Five rhymes was not my idea. The first time I had heard about it was when Johanna told me about it in class. It started as a light hearted conversation about what each of our topics were. However, straight away I knew that hers was more interesting than mine. After she had told me about it in class, I went home and researched it. I looked at Youtube videos and read webpages on it. The more I found out about it the more interested in it I was. My mum has always been into these sorts of ‘meditative’ experiences and I had been familiar and interested in them from a young age.
I knew we were allowed to do collaborative project and so I planned to ask Johanna if she would be interested in doing one. In class I asked her if she would like to work together and told her how I could help with the technical side to the project as I have some experience. She was enthusiastic to work together. Unfortunately I could not make the first shoot with a teacher of five rhymes as it fell the morning of my dissertation presentation. However, Johanna filmed the teacher explaining and performing the stages to five rhymes. I watched the footage and it made me more excited to explore the five rhymes culture in more depth.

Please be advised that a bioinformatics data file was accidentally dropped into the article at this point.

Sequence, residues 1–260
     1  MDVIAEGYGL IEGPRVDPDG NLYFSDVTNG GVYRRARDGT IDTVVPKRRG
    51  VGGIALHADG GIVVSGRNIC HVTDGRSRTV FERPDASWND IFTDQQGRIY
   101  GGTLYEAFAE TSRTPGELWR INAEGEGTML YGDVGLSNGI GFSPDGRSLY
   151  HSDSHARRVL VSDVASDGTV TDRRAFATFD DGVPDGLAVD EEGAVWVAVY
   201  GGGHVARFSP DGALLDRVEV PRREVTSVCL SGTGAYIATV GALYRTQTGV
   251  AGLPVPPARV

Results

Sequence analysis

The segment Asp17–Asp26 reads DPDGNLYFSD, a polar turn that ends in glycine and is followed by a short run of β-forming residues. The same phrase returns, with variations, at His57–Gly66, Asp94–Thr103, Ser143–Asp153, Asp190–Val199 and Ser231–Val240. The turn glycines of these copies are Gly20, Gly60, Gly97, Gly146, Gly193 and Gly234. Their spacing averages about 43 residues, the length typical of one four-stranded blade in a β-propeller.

During the course of the filming, I realised that due to the elaborate movements and complete freedom these people experienced during their dancing, this was a film I always had to make. People have to live most of their lives with restrictions on how to behave and how to act. However, at five rhymes these were all lifted. I myself felt these restrictions lifted as I let loose in the warm up session. I felt privileged to capture this raw and unchained version of all these fantastic individuals. This experience is something I believe many individuals need in their lives. I felt that by doing this project on five rhymes I had been given a chance to spread the joy these individuals felt which would hopefully inspire more ‘locked up’ individuals to let loose through this emancipating activity.